Using his background as a 20-year Navy legal-eagle, Lane adds perfectly credible soul-searching to create an honest and...


A sailor seeking solace while in the throes of a separation gets the ride of his life when his bedmate proves to be a trashy novelist who uses him as material, spurring the Navy to get on its moral high-horse: a true-grit follow-up to Lane’s Duty (1999).

A bar, a pat on the knee, a weekend of sex . . . it didn’t amount to much in the career of officer Neal Olen, 44, who transcended that rough patch in his marriage, became a hero for saving the life of a boy who fell overboard, and retired to a second career as a consultant for a weapons contractor. Unfortunately, though, his weekend becomes chapter six of Navy Wench, and when author Angela Vance lets slip that someone much like Neal was the model for the male character, the reaction from on high is swift. Given the possibility of security breaches, his clearances are yanked and Neal immediately loses his consulting job, but, more than that, he’s recalled to active duty in order to face a court-martial for adultery and conduct unbecoming. Hiring an ace attorney who revels in cases like his—they give her a chance to avenge those former colleagues who hounded her out of the service for being gay—Neal wins a pretrial hearing only to have the judge’s ruling overturned and the trial proceed. An unauthorized meeting with Angela brings him face-to-face with her enraged ex (to whom she was married when she dallied with Neal), who puts him in the hospital. A further adventure—a shootout that gets the ex killed—persuades Neal to live up to his code of honor and put himself at the mercy of the jury of his peers.

Using his background as a 20-year Navy legal-eagle, Lane adds perfectly credible soul-searching to create an honest and heartfelt courtroom drama of agenda-driven military intransigence at odds with personal integrity.

Pub Date: Sept. 1, 2002

ISBN: 1-882593-59-6

Page Count: 224

Publisher: Bridge Works

Review Posted Online: June 24, 2010

Kirkus Reviews Issue: June 15, 2002

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The phrase “tour de force” could have been invented for this audacious novel.

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Four men who meet as college roommates move to New York and spend the next three decades gaining renown in their professions—as an architect, painter, actor and lawyer—and struggling with demons in their intertwined personal lives.

Yanagihara (The People in the Trees, 2013) takes the still-bold leap of writing about characters who don’t share her background; in addition to being male, JB is African-American, Malcolm has a black father and white mother, Willem is white, and “Jude’s race was undetermined”—deserted at birth, he was raised in a monastery and had an unspeakably traumatic childhood that’s revealed slowly over the course of the book. Two of them are gay, one straight and one bisexual. There isn’t a single significant female character, and for a long novel, there isn’t much plot. There aren’t even many markers of what’s happening in the outside world; Jude moves to a loft in SoHo as a young man, but we don’t see the neighborhood change from gritty artists’ enclave to glitzy tourist destination. What we get instead is an intensely interior look at the friends’ psyches and relationships, and it’s utterly enthralling. The four men think about work and creativity and success and failure; they cook for each other, compete with each other and jostle for each other’s affection. JB bases his entire artistic career on painting portraits of his friends, while Malcolm takes care of them by designing their apartments and houses. When Jude, as an adult, is adopted by his favorite Harvard law professor, his friends join him for Thanksgiving in Cambridge every year. And when Willem becomes a movie star, they all bask in his glow. Eventually, the tone darkens and the story narrows to focus on Jude as the pain of his past cuts deep into his carefully constructed life.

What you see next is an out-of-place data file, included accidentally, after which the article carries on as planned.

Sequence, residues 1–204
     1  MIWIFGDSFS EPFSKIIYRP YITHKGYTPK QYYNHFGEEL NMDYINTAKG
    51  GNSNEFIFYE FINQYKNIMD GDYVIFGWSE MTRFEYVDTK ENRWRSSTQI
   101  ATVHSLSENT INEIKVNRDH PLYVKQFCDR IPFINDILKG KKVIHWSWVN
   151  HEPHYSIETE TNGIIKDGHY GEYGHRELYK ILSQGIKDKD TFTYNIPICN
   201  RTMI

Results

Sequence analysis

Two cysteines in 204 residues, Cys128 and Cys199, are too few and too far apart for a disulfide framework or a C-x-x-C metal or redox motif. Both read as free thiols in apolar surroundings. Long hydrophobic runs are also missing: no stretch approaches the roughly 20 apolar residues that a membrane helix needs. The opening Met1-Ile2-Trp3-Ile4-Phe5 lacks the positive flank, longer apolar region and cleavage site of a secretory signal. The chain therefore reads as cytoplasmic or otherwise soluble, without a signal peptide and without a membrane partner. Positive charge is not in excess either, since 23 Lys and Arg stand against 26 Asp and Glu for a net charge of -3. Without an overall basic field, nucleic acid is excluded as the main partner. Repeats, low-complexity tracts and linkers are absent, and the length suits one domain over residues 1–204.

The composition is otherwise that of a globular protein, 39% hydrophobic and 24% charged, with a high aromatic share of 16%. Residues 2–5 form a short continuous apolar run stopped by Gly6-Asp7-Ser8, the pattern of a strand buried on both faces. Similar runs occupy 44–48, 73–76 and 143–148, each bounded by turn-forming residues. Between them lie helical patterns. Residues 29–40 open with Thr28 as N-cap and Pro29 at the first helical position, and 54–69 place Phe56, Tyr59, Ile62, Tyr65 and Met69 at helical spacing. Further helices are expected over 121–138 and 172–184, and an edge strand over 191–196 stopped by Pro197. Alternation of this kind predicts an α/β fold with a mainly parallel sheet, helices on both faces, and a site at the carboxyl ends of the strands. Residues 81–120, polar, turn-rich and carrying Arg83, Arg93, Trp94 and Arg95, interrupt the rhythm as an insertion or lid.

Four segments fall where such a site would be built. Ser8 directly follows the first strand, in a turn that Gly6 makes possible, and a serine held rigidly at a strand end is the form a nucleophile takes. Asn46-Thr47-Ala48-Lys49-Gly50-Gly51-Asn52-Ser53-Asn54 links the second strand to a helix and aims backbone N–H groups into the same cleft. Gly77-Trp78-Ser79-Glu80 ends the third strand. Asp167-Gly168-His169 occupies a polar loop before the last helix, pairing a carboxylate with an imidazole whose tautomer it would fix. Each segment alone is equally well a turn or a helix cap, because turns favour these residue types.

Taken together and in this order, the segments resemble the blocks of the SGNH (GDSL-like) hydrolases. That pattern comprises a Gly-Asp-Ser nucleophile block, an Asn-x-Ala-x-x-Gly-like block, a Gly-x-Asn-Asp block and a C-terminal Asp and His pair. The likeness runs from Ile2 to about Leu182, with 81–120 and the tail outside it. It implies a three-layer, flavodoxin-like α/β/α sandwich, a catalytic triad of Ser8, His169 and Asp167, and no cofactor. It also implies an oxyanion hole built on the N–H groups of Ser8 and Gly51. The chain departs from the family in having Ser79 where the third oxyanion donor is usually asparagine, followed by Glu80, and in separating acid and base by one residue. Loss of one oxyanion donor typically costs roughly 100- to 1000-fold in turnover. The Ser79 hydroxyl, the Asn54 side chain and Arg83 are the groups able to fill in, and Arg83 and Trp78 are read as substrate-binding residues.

The phrase “tour de force” could have been invented for this audacious novel.

Pub Date: March 10, 2015

ISBN: 978-0-385-53925-8

Page Count: 720

Publisher: Doubleday

Review Posted Online: Dec. 22, 2014

Kirkus Reviews Issue: Jan. 1, 2015

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More about grief and tragedy than romance.


Five friends meet on their first day of kindergarten at the exclusive Atwood School and remain lifelong friends through tragedy and triumph.

When Gabby, Billy, Izzie, Andy and Sean meet in the toy kitchen of the kindergarten classroom on their first day of school, no one can know how strong the group’s friendship will remain. Despite their different personalities and interests, the five grow up together and become even closer as they come into their own talents and life paths. But tragedy will strike and strike again. Family troubles, abusive parents, drugs, alcohol, stress, grief and even random bad luck will put pressure on each of them individually and as a group. Known for her emotional romances, Steel makes a bit of a departure with this effort that follows a group of friends through young adulthood. But even as one tragedy after another befalls the friends, the impact of the events is blunted by a distant narrative style that lacks emotional intensity. 

More about grief and tragedy than romance.

Pub Date: July 24, 2012

ISBN: 978-0-385-34321-3

Page Count: 322

Publisher: Delacorte

Review Posted Online: Nov. 14, 2012

Kirkus Reviews Issue: Dec. 1, 2012

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